Publish date:

Rethinking MNF

On March 8, ABC's Monday Night Football told color commentator
Boomer Esiason to, in effect, "turn out the lights, the party's
over" after two years on the show. Esiason's firing from TV's
second-longest-running (30 seasons) prime-time program was
closely related to MNF's Nielsen ratings. In 1998, Esiason's
rookie season, MNF did an alltime-low 13.9 rating. Last year it
sunk further, to 13.7.

Whether Esiason, who first teamed with Dan Dierdorf and Al
Michaels and last season worked only with Michaels, should have
been the scapegoat for MNF's decline was last week's news. This
week's topic is, What must ABC do to restore the telecast to its
Cosellian heights? A few suggestions:

1) Get Over the 1970s. Disco is dead. So are Howard Cosell, major
network hegemony and marquee rivalries such as Cowboys-Redskins
and Raiders-Steelers. Cable television not only provides viewers
more choices but also has dulled the specialness of a televised
weeknight pro sports event. ABC was thinking retro last week when
it named Don Ohlmeyer, who produced MNF in the '70s, to do so
again next season. He'll be hard-pressed to duplicate the buzz
MNF had then.

2) Drop Hank Williams Jr. and all his rowdy friends. Like the
theme for SportsCenter, the old MNF instrumental anthem was a
goose-bump-evoking classic. Bring it back.

3) Don't set the schedule in stone. "When you go back and take a
look at it," says ESPN Sunday Night Football color man Paul
Maguire, assessing 1999's Monday night slate, "they had some
awful games. You can only do so much with two bad teams." The
NFL would only help itself by giving MNF flexibility in
selecting its games, a possibility that the league is pondering.

4) In the booth, three's company. "When you're doing a major
game, it is imperative that you have three guys to play off of
one another," says Maguire, who for the past two seasons has
worked with play-by-play man Mike Patrick and co-analyst Joe
Theismann. O.K., but who? What MNF must do is...

5) Court candor. In the days following Esiason's dismissal, John
Elway, Dan Marino, Bill Parcells and Steve Young (who was still
deciding whether he'll play in 2000) were prominently mentioned
as being among Boomer's possible replacements. No, no, no and
no. All are future Hall of Famers, but none has anything
provocative to say. Our short list would include Jimmy Johnson,
who is not afraid to be critical and is naturally entertaining.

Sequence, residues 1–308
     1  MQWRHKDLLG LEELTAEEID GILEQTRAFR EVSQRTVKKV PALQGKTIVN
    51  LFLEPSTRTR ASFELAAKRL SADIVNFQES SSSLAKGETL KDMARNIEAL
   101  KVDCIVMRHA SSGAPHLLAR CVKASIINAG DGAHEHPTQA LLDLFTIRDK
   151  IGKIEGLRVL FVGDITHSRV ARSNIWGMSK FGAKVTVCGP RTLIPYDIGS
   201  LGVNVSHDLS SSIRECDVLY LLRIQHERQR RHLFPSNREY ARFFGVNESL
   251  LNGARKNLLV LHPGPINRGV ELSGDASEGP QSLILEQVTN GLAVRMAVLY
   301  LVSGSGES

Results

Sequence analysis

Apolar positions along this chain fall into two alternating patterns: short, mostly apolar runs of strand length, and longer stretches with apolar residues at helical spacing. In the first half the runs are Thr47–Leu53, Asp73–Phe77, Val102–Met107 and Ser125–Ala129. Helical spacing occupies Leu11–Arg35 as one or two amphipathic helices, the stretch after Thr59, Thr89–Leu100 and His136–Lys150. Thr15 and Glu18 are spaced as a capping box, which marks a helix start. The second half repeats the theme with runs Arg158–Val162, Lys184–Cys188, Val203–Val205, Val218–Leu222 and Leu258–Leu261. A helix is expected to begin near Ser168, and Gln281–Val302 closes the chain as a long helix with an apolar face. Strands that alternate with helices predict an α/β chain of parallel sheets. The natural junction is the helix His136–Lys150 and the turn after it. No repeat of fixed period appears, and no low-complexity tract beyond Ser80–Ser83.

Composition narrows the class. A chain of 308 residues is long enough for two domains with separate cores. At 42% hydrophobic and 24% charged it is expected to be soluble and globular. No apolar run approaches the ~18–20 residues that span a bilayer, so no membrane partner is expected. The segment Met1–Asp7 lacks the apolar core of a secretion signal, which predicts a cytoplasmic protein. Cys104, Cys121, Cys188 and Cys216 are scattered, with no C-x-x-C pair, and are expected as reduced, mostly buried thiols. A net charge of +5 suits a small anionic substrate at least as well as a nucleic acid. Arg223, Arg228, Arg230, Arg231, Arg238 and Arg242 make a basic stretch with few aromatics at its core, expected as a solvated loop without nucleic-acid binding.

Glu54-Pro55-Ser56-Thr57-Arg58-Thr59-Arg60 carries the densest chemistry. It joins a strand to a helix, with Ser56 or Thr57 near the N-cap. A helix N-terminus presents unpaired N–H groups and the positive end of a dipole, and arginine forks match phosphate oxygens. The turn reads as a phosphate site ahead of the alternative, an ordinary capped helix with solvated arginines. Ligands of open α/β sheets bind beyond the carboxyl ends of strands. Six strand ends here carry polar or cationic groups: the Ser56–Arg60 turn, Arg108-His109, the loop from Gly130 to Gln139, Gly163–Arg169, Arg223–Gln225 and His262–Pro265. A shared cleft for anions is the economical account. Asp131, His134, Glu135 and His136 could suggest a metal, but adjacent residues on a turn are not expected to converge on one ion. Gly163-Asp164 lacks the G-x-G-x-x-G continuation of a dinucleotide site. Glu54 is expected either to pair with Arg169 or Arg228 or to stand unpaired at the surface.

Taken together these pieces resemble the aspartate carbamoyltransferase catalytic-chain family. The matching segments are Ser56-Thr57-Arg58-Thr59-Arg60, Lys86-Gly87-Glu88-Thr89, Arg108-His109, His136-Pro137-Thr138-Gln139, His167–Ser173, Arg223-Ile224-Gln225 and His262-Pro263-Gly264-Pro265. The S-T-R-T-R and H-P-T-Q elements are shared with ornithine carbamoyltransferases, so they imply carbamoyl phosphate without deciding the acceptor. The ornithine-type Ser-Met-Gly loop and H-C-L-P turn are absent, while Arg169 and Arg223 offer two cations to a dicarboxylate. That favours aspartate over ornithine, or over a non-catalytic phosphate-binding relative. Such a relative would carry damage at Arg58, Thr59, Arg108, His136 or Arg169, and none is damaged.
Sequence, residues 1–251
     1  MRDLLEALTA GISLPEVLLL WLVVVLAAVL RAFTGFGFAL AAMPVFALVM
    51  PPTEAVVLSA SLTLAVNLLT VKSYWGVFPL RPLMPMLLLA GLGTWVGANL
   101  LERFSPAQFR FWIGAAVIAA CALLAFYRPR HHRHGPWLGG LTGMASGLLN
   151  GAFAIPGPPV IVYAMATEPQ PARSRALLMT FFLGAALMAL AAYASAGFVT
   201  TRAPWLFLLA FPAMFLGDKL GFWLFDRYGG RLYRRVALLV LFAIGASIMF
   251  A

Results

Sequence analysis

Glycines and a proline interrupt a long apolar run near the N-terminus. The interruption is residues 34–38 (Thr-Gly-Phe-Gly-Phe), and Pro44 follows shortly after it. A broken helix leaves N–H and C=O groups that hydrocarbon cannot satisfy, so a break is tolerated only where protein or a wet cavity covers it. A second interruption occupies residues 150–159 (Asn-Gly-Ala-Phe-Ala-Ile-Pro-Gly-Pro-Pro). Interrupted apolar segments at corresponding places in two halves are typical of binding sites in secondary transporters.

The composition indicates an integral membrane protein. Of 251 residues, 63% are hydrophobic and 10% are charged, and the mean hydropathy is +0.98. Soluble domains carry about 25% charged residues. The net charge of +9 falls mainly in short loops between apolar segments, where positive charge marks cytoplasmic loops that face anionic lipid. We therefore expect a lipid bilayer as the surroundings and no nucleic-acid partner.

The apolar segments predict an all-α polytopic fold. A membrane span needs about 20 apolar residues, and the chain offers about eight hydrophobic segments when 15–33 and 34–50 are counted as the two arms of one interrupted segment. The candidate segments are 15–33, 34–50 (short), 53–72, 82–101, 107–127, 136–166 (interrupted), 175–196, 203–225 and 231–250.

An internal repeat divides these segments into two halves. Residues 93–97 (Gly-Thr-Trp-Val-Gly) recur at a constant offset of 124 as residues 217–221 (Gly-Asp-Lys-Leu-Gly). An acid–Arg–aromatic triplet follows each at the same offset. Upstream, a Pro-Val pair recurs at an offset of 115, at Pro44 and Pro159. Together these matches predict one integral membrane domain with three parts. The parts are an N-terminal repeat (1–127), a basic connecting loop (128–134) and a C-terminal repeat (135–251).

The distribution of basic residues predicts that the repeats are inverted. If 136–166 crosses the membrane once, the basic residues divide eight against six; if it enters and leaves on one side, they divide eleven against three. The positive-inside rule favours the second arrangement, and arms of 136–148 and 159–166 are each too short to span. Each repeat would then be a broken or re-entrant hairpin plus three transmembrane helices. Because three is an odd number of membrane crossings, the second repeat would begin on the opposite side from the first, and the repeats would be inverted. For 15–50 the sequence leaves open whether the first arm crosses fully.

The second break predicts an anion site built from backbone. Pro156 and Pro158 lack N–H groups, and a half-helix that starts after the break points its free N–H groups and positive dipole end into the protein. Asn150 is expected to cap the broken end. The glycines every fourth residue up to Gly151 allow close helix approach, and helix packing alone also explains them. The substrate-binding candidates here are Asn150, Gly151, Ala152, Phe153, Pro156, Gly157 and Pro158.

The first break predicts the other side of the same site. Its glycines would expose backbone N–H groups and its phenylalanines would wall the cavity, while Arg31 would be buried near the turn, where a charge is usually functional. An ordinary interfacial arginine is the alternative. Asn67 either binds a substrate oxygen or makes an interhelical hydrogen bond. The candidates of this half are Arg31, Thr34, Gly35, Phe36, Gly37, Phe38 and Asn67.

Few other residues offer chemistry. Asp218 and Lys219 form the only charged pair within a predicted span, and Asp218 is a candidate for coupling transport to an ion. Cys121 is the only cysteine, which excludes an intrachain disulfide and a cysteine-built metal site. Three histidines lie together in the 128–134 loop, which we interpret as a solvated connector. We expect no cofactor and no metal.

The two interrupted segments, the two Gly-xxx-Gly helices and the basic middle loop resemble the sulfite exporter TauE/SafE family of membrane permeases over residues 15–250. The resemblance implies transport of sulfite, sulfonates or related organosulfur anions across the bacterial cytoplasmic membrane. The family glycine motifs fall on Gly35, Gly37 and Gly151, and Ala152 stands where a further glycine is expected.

Tom Jackson and Sterling Sharpe, former jocks now working as
studio hosts for ESPN, also deserve a serious look. Sharpe,
who's more outspoken and has, well, more sex appeal than
Jackson, might play better to the MNF audience.

Finally, there's the affable Maguire. Entering his 30th season of
NFL broadcasting, Maguire is largely responsible for the terrific
chemistry in the ESPN Sunday night booth. Has anyone recommended
him? "Not that I know of," he says. "I might've recommended me,
but nobody else has."

--John Walters

COLOR PHOTO: CRAIG SJODIN With Esiason (right) out of the picture, who--and how many--will join Michaels?

FOUR HITS, ONE WHIFF
A new CD features major leaguers taking their musical cuts, with
decidedly mixed results

In baseball, it seems, there's a Rocker and there are rockers. On
March 14 a dozen present and former major leaguers released Big
League Rocks! (EMD, $16.98), a compilation CD of mostly original
material to benefit the Major League Baseball Players Trust for
Children. Our ratings of selected cuts, in the order in which
they're heard:

Mark Langston, Welcome to the Show: Indians southpaw starts this
party playing acoustic guitar on a Jump-era-Van Halen-flavored
rendering. When we played it backward, we thought we heard, "I'm
still waiting for that called third strike on Tino Martinez."
Rating: Two-base hit.

Paul O'Neill, Just Like Baseball: Yankees rightfielder-drummer
backs up an uncredited vocalist with a driving tempo. One-base
hit.

Jack McDowell, Silence: Black Jack rocks! Cy Young winner sings
lead and plays guitar on a hell-bent rocker that conjures REM's
Orange Crush. Homer.

Bernie Williams, Eye of the Storm: No aromatherapist's office
should be without this lithe, mellow jazz instrumental from the
Yankees centerfielder-guitarist. Two-base hit.

Ernie Banks, Take Me Out to the Ballgame: Backed, it seems, by
every drunk on Waveland Avenue, Mr. Cub sings one yeoman chorus,
followed by a second. Let's play two? Let's not. Whiff.

Jose Lima, La Gozadera (The Party): Is the Astros' All-Star the
next stellar Latin crossover singer? If so, he needs better
pitch. Fielder's choice.

--J.W.

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